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Center Grove football coach earns track and field honor


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During 14 seasons at Center Grove, Eric Moore has firmly established himself as one of the state’s top high school football coaches.

Seven sectional and regional titles, two semistate crowns and a state championship attest to that.

But on the track and field front, Moore — the Trojans boys coach — has carved a similar winning identity.

Nine sectional titles, a regional crown and one team state champion speak to that.

Clearly, the National Federation of State School Associations has listened.

Moore, the Trojans football and track coach since 1999, has been named the NFHS Coaches Association 2012 Coach of the Year for boys track and field in Indiana.

Moore, who guided the Trojans to the team state title in 2011, learned of the honor Tuesday morning — about two months after leading the football team to its fourth Class 5A semistate appearance in the past five years.

“It means a lot to me. It’s an extreme honor and a privilege to get an award like this,” said Moore, who has led the track team to six consecutive sectional championships. “I have the utmost respect and pride for track and field.”

Proof is in the results.

One of the state’s top programs the past 13 seasons, Center Grove has won six straight sectional titles. In 2011, the Trojans became the first Johnson County track squad to win a team state championship.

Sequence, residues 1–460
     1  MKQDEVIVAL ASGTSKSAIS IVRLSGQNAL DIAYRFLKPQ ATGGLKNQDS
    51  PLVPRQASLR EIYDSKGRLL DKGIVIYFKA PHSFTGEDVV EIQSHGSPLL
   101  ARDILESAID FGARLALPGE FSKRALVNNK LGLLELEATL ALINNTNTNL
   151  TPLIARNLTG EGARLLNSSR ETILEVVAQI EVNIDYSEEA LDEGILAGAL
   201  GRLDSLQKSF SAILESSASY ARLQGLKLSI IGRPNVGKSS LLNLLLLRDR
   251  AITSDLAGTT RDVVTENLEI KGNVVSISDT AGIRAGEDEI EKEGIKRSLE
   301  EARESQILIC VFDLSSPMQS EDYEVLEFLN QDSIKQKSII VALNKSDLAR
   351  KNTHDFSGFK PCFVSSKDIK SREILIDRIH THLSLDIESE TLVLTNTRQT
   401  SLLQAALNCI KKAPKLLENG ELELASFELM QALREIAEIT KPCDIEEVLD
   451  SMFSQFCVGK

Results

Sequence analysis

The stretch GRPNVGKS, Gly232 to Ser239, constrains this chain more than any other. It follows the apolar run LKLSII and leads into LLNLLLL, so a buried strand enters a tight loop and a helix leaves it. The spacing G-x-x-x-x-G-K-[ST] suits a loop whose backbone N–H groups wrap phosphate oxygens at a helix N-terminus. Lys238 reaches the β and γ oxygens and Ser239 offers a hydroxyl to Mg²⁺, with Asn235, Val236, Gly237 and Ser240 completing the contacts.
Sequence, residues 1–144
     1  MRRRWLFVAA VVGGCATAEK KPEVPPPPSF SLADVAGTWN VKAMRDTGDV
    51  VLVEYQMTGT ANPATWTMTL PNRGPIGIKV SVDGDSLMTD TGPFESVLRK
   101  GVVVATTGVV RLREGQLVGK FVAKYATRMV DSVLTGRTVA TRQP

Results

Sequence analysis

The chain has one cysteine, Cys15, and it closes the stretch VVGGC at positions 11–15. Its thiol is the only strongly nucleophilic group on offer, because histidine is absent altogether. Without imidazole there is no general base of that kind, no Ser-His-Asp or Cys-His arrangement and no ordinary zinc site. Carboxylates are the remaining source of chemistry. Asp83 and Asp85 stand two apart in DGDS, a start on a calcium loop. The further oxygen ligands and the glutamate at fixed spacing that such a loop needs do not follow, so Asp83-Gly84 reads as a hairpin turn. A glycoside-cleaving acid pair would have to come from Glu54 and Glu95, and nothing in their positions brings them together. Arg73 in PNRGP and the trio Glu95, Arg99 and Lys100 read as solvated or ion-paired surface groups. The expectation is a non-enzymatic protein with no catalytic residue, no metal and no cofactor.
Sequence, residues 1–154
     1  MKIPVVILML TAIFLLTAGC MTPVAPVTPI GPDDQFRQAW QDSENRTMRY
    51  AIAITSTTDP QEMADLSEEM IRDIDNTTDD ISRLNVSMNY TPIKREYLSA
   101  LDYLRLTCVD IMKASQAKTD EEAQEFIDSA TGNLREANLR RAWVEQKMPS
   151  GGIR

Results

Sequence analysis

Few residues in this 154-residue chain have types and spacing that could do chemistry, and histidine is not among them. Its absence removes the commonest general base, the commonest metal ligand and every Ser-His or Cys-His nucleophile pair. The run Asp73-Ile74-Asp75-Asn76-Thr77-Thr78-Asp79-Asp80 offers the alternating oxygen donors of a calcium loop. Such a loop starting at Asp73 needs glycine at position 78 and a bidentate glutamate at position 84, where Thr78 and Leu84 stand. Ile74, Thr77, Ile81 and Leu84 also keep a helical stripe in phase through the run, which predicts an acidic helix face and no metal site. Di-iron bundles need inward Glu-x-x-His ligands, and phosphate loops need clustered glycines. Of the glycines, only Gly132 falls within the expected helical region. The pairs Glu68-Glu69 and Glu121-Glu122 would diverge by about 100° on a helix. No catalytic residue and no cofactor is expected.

Moore attributes the success to dedicated athletes, many of whom play football, and the input from longtime assistant coaches Howard Harrell and Brad Timmons. Both have been with Moore his entire Center Grove career.

“I’m blessed with the kind of athletes that want to come to school every day and work in track as well as football,” Moore said. “I’m blessed to have two coaches that have been with me the whole time.

“Brad Timmons and Howard Harrell are extremely important to the program and to myself in being able to do two sports.”

Moore has long insisted that his passion for track equals that for football. He regards each an extension of the other and mutually beneficial for athletes who compete in both.

Football reputation and time-commitment notwithstanding, he has no plans to give up track. Not now, not ever.

“I really wouldn’t take a football job unless I could have the head track job, as well,” said Moore, who led the football team to the 2008 state championship. “That way I can sort of control what my athletes do in the offseason. I think it’s a great fit. The two sports fit together well.

“Usually, it’s been my (philosophy) that if you’ve got a really good track program, you’re probably going to have a really good football program.”

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